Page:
Fleeting Cities : Imperial expositions held in fin-de-siecle London, Paris and Berlin were knots in a world-wide web. Conceptualizing exhibitions as meta-media, Fleeting Cities undertakes a transdisciplinary investigation into how modernity was created and displayed, consumed and disputed within the European metropolis. Focusing on five such expositions - the Berliner Gewerbeausstellung (1896), the fifth Parisian Exposition Universelle (1900), the Franco-British Exhibition in London (1908), the British Empire Exhibition at Wembley (1924/25), and the Exposition Coloniale Internationale in Paris (1931) - this award-winning book examines their specific aims and aspirations, evolving forms and execution, and the public debates they engendered. Who shaped these mega-events, how were exposition venues inscribed into the urban fabric, what legacies did they bequeath? Taken as dense textures stretched over time, these expositions undergo both a close hermeneutic reading and broad spatial analysis. Fleeting Cities weaves extensive empirical research with underlying theoretical concerns, investigating their individual meanings in a new form of transnational network analysis.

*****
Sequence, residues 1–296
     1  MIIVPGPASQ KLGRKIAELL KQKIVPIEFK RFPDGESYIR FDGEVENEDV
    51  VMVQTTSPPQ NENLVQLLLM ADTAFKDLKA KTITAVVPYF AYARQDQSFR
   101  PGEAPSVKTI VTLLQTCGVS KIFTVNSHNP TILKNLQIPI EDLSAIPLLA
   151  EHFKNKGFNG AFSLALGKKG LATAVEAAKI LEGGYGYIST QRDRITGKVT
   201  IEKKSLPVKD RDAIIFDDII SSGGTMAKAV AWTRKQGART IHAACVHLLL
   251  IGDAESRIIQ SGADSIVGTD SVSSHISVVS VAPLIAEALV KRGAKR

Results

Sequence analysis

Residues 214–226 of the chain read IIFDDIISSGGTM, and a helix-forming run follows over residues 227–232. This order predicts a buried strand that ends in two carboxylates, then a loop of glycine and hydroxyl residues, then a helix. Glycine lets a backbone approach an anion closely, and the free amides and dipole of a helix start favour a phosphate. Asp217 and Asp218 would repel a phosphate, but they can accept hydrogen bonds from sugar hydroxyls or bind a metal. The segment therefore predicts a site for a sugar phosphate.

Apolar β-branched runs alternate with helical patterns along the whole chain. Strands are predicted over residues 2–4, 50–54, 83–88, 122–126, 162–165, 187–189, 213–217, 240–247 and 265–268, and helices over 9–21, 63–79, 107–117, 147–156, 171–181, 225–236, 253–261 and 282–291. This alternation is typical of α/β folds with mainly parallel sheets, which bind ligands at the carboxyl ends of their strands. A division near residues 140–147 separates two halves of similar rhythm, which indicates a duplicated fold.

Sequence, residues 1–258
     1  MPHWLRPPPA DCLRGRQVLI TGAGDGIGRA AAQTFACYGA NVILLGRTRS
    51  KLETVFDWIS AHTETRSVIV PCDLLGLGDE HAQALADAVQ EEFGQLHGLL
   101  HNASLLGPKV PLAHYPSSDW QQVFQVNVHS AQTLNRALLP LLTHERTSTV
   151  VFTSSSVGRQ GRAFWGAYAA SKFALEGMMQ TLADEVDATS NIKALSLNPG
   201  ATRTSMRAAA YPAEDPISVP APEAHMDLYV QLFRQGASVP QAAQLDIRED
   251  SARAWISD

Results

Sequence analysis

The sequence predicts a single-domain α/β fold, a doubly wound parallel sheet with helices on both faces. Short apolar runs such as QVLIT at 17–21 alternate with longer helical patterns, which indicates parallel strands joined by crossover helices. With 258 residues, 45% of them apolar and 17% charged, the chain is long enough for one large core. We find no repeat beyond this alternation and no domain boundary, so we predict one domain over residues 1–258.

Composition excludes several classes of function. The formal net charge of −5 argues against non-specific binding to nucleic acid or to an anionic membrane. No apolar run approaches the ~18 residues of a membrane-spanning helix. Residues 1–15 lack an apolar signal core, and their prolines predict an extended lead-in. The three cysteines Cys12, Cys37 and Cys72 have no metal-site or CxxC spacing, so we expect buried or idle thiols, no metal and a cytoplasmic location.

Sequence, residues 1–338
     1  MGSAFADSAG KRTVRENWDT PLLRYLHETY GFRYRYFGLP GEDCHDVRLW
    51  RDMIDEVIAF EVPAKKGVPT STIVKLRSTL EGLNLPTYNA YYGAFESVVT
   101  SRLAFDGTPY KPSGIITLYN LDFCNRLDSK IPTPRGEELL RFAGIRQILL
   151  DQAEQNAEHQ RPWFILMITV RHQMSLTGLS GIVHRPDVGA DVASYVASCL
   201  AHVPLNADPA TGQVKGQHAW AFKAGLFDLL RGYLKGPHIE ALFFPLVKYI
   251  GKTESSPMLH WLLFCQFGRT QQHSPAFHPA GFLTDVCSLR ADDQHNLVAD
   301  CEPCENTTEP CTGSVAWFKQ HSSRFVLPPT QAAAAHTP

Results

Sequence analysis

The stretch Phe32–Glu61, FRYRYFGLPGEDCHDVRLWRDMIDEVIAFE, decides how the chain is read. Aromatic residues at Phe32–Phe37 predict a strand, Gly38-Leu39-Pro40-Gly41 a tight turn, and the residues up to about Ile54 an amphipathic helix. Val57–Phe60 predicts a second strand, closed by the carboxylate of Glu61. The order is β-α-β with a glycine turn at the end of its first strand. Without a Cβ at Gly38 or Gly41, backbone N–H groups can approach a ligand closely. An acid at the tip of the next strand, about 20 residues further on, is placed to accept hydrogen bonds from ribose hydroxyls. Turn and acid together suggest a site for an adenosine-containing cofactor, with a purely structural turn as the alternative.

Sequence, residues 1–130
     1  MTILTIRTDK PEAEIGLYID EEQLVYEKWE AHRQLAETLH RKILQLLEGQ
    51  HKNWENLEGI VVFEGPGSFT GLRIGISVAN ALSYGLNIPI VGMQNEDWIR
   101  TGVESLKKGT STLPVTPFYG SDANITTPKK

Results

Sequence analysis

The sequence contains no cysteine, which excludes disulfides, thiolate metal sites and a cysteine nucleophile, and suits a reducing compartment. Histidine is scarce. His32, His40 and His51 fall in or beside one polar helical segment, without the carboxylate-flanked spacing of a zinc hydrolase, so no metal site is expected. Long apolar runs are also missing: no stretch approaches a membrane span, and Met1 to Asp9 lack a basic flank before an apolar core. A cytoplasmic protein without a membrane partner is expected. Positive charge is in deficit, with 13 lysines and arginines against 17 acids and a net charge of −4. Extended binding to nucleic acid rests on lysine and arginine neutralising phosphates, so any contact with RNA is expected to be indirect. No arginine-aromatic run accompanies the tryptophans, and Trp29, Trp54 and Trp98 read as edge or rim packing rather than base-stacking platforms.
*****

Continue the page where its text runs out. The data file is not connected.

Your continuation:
|History & Geography||Europe|
|History & Geography||Modern|